HIV drugs Lopinavir, Ritonavir show ‘no promise’ for COVID treatment, reveals UK’s recovery trial

Aditi Tandon
Tribune News Service

New Delhi, June 30

The world’s largest drug trial for potential COVID-19 therapies—the UKH’s Recovery Trail conducted by Oxford University—on Tuesday, said that the HIV drug combination of Lopinavir and Ritonavir has shown “no promise” of treatment.   

These drugs were temporarily used in India for COVID-19 management after doctors at Jaipur’s Sawai Mansingh Hospital administered the combination on two Italian patients, and claimed that the treatment was a success.  

However, the combination drug for COVID-19 treatment was dropped by the Indian Council of Medical Research (ICMR) following a study from China, which depicted an increase in mortality rate in COVID-19 patients. 

Previously, the ICMR had requested permission from the Drug Controller General of India for emergency use of the combination—which was discontinued later.  

Now, the UK Recovery Trial has repeated that there is “no beneficial effect” of  Lopinavir and Ritonavir for COVID-19 patients.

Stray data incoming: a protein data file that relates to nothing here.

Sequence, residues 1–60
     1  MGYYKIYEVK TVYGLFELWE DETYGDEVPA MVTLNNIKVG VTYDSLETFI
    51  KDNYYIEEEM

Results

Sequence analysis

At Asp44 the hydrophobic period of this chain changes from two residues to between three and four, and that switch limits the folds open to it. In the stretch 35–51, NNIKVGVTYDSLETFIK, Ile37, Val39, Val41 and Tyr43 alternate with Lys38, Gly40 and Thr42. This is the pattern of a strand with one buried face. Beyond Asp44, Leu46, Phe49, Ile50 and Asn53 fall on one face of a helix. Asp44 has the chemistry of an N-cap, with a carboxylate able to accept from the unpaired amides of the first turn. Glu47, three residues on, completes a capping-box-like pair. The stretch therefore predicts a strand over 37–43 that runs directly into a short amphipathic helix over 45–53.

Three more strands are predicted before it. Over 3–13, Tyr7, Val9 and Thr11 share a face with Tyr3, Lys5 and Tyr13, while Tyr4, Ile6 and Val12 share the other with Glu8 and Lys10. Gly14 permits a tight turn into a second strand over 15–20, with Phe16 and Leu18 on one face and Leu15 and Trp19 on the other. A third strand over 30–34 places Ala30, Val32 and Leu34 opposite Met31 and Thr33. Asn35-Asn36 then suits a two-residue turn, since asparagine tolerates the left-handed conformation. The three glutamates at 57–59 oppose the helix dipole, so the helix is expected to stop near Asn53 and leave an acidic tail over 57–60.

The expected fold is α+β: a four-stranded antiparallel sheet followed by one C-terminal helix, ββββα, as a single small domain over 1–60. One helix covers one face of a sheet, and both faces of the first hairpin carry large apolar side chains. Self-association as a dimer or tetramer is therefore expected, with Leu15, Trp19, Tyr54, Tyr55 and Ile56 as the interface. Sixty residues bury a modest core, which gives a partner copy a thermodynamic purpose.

“A total of 1,596 patients were randomised to Lopinavir-Ritonavir and compared to 3,376 patients randomised to usual care alone. Of these patients, 4 per cent required invasive mechanical ventilation when they entered the trial; 70 per cent required oxygen alone and 26 per cent required no respiratory intervention at all. There was no significant difference in endpoint 28-day mortality between the two groups. There was also no evidence of beneficial effects on the risk of progression to mechanical ventilation of length of hospital stay,” said the UK researchers.

The study also ruled out any significant mortality benefit of Lopinavir and Ritonavir for COVID-19 patients. 

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